Posts Tagged ‘ocean pollution’

Bringing a Kelp Forest Back to Life!

Monday, December 2nd, 2013

Imagine a barren underwater “desert” turned back into a lush, healthy habitat in mere months! We talk to David Witting, with NOAA’s Office of Habitat Restoration, about a project to restore kelp off the coast of Southern California by a diverse group of coastal users, including fishermen and NGOs. After pollution and ravaging sea urchins destroyed the kelp forest, this project is bringing kelp forests back to life, benefiting all species within the ecosystem.

Everyday Action: Stop pollution at the source. Keep trash and chemicals out of storm drains. This includes pet waste. Visit Thank You Ocean’s web page on water pollution to find out more.

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Ready, Set, CLEANUP!

Monday, September 9th, 2013

YOU can personally thank the ocean on September 21! Join California’s largest volunteer event with thousands of ocean lovers at the California Coastal Cleanup. Can one day make a difference for a clean ocean and coast? Find out as Eben Schwartz, Marine Debris Program Manager with the California Coastal Commission, tells us about Coastal Cleanup Day. It’s one of the easiest and most rewarding volunteer efforts you can join.

Everyday Action: Clean up your act! Thank the ocean and join the cleanup team September 21. Go to You’ll have fun and make a difference!

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Crazy Days of Summer Ocean Fun!

Monday, July 8th, 2013

Summer and ocean fun go together. Whether it’s in the ocean, at an aquarium, or at home reading a book, the ocean and its critters provide entertainment, fascination, and just plain fun! We talk with Claire Fackler, National Education Liaison for NOAA’s Office of National Marine Sanctuaries. She shares fun ocean activity ideas, from building sand castles, swimming, fishing, whale watching and tidepooling to reading books and listening to music.

Everyday Action: Feel like a kid again! Splash in the waves, build a sandcastle, explore a tidepool–with or without accompanying child!

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Rain Garden: Slowing Pollution at Its Source

Monday, November 26th, 2012

In spring 2012, the City of Elk Grove, a community just south of Sacramento, California, opened a rain garden that is a magnet for wildlife, prevents pollution from running off into local streams, and an important tool to teach others about how use similar earth-friendly techniques in their own yard. Paul Mewton, Chief of Planning, Cosumnes Community Services District, and Greg Gearheart, State Water Resources Control Board, discuss this innovative park and how land use in the Central Valley still impacts our coast and ocean.

California Coastal Cleanup

Monday, September 10th, 2012

Saturday, September 15 is the Annual California Coastal Cleanup Day, the state’s largest volunteer event. In 2011, nearly 72,000 volunteers removed more than 1.3 million pounds of trash and recyclables from California beaches, lakes and waterways. For this year, debris from the 2011 Japan earthquake and tsunami is bringing more attention to the important issue of marine debris. Eben Schwartz, marine debris program manager for the California Coastal Commission, talks about the 28th annual cleanup and how you can participate. (Photo credit: California Coastal Commission)

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Ocean Acidification

Monday, April 23rd, 2012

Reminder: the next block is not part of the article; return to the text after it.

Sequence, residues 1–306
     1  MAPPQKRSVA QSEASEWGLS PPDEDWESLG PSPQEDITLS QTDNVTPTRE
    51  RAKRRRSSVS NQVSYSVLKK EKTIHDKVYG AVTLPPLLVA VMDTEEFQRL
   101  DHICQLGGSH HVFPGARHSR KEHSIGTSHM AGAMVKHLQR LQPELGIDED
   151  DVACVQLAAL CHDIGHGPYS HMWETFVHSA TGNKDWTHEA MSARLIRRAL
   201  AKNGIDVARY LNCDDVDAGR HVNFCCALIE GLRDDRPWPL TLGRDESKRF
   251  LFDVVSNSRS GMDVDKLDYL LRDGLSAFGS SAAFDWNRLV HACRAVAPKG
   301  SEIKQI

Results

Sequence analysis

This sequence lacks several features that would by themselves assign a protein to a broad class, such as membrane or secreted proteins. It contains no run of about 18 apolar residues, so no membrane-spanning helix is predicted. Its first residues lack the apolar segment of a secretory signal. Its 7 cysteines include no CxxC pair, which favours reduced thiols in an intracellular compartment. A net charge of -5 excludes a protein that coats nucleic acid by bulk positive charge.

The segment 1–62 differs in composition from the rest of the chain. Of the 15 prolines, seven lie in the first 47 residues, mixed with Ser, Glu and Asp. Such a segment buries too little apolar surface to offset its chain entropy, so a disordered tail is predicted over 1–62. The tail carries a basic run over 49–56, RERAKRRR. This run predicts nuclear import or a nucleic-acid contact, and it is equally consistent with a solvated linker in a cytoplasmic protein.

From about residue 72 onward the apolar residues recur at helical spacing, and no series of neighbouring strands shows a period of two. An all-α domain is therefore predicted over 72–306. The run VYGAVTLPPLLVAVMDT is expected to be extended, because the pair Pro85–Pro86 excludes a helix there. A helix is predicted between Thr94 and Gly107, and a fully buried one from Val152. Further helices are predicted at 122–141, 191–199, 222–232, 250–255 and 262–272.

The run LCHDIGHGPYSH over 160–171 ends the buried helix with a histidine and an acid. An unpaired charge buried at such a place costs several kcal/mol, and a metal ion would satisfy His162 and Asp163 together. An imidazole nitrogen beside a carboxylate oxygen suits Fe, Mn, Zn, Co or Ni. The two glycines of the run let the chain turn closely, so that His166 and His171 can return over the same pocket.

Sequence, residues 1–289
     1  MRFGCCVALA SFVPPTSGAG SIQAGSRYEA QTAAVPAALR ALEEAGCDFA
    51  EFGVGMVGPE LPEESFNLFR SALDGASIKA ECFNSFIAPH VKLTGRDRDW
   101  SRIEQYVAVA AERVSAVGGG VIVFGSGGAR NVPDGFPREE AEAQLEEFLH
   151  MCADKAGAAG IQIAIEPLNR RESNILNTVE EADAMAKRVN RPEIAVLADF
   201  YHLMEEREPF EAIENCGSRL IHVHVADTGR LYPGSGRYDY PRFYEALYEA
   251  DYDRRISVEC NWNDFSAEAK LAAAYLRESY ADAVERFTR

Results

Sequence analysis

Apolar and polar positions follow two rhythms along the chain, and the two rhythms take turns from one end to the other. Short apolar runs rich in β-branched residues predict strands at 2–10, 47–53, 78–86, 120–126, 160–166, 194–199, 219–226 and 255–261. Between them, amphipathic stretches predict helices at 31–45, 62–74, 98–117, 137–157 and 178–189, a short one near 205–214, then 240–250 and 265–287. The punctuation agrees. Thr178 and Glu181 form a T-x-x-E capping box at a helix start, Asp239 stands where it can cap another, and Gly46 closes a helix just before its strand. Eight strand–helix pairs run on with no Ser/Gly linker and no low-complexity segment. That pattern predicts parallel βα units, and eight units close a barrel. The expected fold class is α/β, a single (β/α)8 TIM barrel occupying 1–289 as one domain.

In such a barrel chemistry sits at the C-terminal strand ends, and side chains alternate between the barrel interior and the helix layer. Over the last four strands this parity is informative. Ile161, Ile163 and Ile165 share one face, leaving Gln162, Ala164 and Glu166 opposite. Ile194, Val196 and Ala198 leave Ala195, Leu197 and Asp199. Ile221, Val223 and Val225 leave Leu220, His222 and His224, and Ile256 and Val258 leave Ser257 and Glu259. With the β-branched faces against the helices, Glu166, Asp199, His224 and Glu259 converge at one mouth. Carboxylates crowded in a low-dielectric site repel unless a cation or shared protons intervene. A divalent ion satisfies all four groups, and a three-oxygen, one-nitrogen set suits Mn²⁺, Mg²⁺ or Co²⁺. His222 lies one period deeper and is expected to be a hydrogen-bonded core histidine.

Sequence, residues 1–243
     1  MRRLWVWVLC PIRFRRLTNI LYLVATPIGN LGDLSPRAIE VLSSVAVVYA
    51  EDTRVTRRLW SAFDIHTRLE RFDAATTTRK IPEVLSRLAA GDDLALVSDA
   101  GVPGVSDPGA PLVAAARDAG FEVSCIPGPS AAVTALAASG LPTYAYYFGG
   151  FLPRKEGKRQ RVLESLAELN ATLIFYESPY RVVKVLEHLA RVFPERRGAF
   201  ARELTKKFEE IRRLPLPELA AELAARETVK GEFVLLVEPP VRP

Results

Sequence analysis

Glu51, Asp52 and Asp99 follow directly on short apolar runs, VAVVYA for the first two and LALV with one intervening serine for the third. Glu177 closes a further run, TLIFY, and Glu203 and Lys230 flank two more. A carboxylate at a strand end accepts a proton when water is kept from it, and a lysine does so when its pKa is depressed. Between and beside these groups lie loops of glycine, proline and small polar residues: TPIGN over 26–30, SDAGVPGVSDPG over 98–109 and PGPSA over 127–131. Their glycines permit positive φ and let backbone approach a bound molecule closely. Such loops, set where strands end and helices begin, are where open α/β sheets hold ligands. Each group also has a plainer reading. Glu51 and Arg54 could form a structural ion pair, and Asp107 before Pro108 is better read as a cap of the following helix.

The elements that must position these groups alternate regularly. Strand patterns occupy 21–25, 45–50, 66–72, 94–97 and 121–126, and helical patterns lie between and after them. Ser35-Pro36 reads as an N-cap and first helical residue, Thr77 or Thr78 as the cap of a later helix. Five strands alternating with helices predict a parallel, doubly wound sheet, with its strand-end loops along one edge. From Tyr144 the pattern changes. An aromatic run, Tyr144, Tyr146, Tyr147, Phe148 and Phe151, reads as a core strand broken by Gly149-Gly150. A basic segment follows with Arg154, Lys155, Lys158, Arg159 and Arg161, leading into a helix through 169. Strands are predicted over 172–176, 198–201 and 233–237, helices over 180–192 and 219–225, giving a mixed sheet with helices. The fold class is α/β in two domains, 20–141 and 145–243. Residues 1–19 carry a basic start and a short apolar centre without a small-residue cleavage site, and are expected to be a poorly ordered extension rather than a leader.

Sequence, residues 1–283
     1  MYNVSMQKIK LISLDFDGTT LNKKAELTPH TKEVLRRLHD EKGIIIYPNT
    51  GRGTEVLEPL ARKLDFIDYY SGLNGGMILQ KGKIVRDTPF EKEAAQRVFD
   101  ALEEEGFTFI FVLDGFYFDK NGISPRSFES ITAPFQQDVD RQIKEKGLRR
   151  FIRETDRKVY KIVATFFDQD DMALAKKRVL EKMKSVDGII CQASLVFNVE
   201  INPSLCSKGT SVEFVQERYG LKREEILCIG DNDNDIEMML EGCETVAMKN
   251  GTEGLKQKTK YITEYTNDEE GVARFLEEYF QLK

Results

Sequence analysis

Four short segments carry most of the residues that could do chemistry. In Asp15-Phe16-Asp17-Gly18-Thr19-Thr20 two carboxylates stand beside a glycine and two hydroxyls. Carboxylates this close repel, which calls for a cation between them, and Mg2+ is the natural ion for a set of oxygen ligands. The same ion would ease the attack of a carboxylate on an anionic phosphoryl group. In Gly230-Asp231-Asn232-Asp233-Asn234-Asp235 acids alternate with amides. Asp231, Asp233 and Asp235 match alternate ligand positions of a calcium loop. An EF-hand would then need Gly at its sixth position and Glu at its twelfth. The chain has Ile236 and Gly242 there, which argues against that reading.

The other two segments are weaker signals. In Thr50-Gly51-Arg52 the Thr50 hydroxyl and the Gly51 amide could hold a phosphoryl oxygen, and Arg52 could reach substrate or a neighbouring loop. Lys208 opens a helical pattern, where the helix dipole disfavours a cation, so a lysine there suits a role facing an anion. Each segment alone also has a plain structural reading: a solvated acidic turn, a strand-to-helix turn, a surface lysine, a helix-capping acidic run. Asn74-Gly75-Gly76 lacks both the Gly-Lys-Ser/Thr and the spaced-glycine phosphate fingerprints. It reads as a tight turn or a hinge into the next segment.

What is this threat and how can it affect our ocean world? What does it mean for organisms such as sea urchins? Dr. Gretchen Hofmann, Professor of Marine Biology at the University of California Santa Barbara, discusses her work with Ocean Acidification and why we should pay attention. (Photos courtesy of NOAA Pacific Marine Environmental Laboratory)

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Pacific Gyre

Monday, March 26th, 2012

The Pacific Gyre is a slowly moving, clockwise spiral of ocean currents. We talked with Marcus Eriksen, the executive director of the 5 Gyres Institute, about ocean gyres and the Pacific Garbage Patch, said to be twice the size of Texas, floating between Hawaii and California. (Photo courtesy of NOAA Marine Debris Program)

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Japan Tsunami Marine Debris

Monday, February 6th, 2012

On March 11, 2011, a powerful tsunami hit Japan, destroying cities and villages, and carrying tons of debris out to sea. Ocean currents are projected to carry some of that debris to U.S. shores, including the West Coast. It’s uncertain what is still floating, where it’s located, where it will go, and when it will arrive. Nir Barnea, West Coast Regional Director, NOAA Marine Debris Program, has the latest information.

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California Coastal Cleanup Day

Tuesday, September 6th, 2011

California Coastal Cleanup Day (Photo courtesy of John Eagle)California Coastal Cleanup Day, an annual beach and inland waterway cleanup held on the third Saturday of September, is the state’s largest volunteer event. Shannon Waters, California Coastal Commission Public Education Program Assistant, lets you know how you and your group can be part of the solution to marine pollution by getting involved in Coastal Cleanup Day! (Photo courtesy of John Eagle)

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Thanks for the Beautiful Beaches!

Monday, May 23rd, 2011

With Memorial Day Weekend, the “unofficial” start of summer, we highlight ways to thank the ocean for our beautiful beaches. Brian Baird, Assistant Secretary for Ocean and Coastal Policy for the California Natural Resources Agency, discusses everyday actions we can take to help clean up our coasts and ocean. Actor and activist Edward James Olmos adds his powerful Thank You Ocean message, “Don’t Trash the Beach.”

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